When 20-year-old John Perry began to practice Falun Gong in late May, he felt a duty to tell people about the danger other Falun Gong practitioners face in China. He looked online for a petition to share with his loved ones. “I was trying to find the most official one to get my family members to sign.” He chose one by the non-profit group Doctors Against Forced Organ Harvesting (DAFOH).
It calls on the United Nations High Commissioner for Human Rights to take “immediate action to end the unethical practice of forced organ harvesting from prisoners of conscience in China.” It also “calls for an end of the persecution of the spiritual group, Falun Gong, the primary victim of the forced organ harvesting,” according to the petition. The 2015 petition closed Nov. 30.
This will be the fourth year we are doing this petition,” wrote DAFOH spokesman Dr. Damon Noto, in an email. “In the past three years, we have collected roughly 2 million signatures. Yet there has been no official response from the UN High Commissioner’s office yet. However, many other government officials and offices have taken note of this huge response from the public. The initiative by students at the college level is really great. It demonstrates that people from all walks of life are appalled by the unethical practice of forced organ harvesting and want to see an end to this abuse.”
Perry is studying computer science at Georgia Tech University. He set out to tell everyone close to him about the crime against humanity the petition condemns. “I got my family members, then got all my friends. Everyone in my house signed the petition,” he said.
Then he widened his approach. He reserved space at Tech’s “free speech zone,” a paved area near the student center. He sent an email to other Falun Gong practitioners in Atlanta. They surprised him. “I got more than the response I was asking for. It really taught me a lot.”
When he went back to school this fall, he thought he must spread the word about the communist regime’s human rights violations by himself. “I thought, there’s no one else to do it so I’ve got to do it.”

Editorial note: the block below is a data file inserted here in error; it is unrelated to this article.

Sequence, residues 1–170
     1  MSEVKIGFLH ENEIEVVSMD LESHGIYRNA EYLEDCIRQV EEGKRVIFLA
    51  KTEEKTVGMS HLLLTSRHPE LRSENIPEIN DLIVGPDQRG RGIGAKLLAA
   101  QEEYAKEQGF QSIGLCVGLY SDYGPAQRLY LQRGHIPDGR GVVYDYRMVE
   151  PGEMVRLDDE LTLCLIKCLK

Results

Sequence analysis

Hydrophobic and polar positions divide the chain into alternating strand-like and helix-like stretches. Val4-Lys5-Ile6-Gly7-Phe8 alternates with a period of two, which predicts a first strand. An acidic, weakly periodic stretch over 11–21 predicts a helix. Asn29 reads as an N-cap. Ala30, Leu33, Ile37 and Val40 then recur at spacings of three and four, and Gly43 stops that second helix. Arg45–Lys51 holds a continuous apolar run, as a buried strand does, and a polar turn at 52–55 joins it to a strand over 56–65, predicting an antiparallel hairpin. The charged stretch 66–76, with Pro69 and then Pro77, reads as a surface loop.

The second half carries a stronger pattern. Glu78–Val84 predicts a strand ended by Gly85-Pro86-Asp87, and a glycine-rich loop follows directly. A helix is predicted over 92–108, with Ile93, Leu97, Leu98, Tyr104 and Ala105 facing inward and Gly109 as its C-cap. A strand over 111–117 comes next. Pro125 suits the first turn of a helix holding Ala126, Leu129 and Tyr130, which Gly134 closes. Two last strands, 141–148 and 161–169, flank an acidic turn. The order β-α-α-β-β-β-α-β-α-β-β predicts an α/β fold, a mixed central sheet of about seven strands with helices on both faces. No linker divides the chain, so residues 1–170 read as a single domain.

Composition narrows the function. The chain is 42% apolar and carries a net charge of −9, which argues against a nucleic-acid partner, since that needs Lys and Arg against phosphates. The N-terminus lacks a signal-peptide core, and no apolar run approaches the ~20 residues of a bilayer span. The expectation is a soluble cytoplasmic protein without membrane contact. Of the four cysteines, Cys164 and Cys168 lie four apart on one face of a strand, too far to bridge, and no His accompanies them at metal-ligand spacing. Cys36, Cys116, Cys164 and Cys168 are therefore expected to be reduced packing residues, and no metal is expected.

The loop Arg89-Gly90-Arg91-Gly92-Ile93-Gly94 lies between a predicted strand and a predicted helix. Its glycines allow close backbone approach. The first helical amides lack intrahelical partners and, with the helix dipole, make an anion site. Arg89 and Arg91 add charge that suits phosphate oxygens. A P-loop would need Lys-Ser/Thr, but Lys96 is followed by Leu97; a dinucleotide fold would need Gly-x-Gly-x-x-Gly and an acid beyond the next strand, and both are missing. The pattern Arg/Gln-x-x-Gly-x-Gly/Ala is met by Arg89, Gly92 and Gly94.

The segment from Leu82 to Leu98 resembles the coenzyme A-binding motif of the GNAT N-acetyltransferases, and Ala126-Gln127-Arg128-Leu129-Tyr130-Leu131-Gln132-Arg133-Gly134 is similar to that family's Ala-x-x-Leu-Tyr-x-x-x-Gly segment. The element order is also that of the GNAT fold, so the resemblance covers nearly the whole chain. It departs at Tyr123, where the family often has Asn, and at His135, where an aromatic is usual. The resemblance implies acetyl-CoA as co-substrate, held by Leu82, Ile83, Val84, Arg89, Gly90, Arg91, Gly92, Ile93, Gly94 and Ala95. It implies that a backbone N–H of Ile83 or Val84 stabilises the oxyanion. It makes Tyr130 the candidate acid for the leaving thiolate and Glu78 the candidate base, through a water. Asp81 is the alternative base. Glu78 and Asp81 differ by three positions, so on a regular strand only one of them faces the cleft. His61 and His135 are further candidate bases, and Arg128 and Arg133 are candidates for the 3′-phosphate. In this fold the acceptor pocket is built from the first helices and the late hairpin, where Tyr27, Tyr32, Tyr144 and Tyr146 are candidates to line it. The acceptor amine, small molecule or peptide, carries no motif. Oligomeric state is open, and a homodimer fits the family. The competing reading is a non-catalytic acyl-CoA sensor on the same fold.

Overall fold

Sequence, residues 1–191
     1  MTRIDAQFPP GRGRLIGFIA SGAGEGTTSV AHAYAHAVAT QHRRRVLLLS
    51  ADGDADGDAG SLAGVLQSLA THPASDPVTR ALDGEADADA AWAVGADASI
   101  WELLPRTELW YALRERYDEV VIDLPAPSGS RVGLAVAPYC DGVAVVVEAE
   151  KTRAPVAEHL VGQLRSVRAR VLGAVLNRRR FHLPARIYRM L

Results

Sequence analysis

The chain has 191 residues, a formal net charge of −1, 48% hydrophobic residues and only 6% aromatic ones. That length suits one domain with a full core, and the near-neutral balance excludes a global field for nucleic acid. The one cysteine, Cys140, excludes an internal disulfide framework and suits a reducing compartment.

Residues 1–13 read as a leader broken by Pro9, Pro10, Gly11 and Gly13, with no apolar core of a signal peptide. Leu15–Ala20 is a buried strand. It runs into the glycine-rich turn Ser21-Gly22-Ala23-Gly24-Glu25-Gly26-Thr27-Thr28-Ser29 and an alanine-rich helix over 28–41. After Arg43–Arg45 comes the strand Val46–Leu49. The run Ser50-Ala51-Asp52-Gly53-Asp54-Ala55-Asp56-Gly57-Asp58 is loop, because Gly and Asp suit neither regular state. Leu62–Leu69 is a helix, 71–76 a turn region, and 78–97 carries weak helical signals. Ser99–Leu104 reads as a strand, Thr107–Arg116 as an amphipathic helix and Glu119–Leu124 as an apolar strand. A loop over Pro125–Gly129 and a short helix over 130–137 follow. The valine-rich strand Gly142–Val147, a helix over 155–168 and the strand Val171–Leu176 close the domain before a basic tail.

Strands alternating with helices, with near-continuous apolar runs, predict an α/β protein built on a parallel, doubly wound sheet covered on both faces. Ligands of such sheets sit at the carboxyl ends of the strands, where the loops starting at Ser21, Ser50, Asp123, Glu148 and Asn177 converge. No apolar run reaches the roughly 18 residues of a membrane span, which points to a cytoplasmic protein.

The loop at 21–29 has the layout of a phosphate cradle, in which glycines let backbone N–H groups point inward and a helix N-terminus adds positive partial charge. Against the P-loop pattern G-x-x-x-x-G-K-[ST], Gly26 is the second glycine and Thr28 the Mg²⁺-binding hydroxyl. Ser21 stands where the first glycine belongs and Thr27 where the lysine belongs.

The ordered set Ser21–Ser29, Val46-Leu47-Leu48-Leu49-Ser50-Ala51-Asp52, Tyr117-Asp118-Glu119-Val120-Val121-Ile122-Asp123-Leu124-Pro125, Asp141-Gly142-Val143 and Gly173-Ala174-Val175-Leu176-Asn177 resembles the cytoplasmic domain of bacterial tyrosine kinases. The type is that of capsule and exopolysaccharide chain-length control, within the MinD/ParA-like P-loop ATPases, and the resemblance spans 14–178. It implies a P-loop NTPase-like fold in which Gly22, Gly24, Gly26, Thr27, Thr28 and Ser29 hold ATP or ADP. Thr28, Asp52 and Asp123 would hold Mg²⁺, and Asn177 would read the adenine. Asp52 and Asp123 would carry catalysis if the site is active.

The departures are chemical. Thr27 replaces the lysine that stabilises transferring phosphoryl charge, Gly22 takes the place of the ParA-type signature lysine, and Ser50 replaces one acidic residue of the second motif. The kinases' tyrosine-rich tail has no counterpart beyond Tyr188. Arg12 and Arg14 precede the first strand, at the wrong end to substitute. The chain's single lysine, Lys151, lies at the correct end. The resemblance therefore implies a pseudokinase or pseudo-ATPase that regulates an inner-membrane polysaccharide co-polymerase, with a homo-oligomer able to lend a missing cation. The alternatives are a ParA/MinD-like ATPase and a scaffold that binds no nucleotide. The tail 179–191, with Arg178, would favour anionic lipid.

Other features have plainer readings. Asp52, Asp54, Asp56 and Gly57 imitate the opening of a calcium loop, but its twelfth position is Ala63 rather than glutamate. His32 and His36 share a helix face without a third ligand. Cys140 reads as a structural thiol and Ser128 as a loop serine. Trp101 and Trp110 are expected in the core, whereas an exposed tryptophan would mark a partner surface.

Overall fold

But support was always there for the asking. “Looking back, I realized how powerful it is to work together,” said Perry.
Two senior women from China were among his 14 helpers on Nov. 16 and 17. Neither speak English, but Perry reasoned that they could communicate with some of Tech’s many Chinese students. They did, smiling, and sometimes laying a grandmotherly hand on an arm.
If a person did not speak Mandarin, the aunties would signal a nearby English speaker to join the conversation. One student, with an Asian face, said, “I feel so bad, I can’t understand her.” He was born in America, and never learned Chinese, he said, though it is his heritage. He signed the petition.
“A lot of people who were walking by were like, ‘I support you,'” said Perry. “One guy almost yelled it. It was like he knew how important it was.”
A woman named Alicia was visiting campus from the small central Georgia town of Statesboro. She took a petition with her in order to collect signatures at home, said Perry. She said, “I’m so happy you guys are doing this.”
A tall African man wearing a suit did not hesitate. As soon as he heard about the petition, he said, “Of course,” and signed it.
Perry printed some facts about organ harvesting in China, to help the others answer questions from passers-by. He said he wanted to be sure they felt confident. One of the key facts is that China has no formal system of organ donation, yet organ transplants have increased exponentially since 1999. That is the year the communist regime began to persecute Falun Gong practitioners.
Most people supported the petition. A few rejected it. One Chinese man tried to argue with Perry. He disputed the facts about state—sponsored organ harvesting in China. He shouted. He cursed.
Perry kept a calm and friendly demeanor. “He seemed to be angry that we were out here,” said Perry. “It was hard to tell what he was angry at.” Perry said the man said he had written a report refuting reports of organ harvesting, and seemed to feel personally challenged when he saw people raising awareness about it. Perry told him, “We don’t have anything to gain from this. We have no reason to lie.”
“I remember one group of Chinese women, girls. I offered them a flyer. They kind of sneered at me,” said Perry. “I really need to do as much as I can.”
Perry will keep doing what he can. So will others. “Recently, many large media outlets including the New York Times and Yahoo have picked up the issue of forced organ harvesting in China. This is helping to break the silence on this abuse. It is also helping in calling for an independent investigation and complete transparent access to what has taken place over the past 10 years in China,” wrote Noto.
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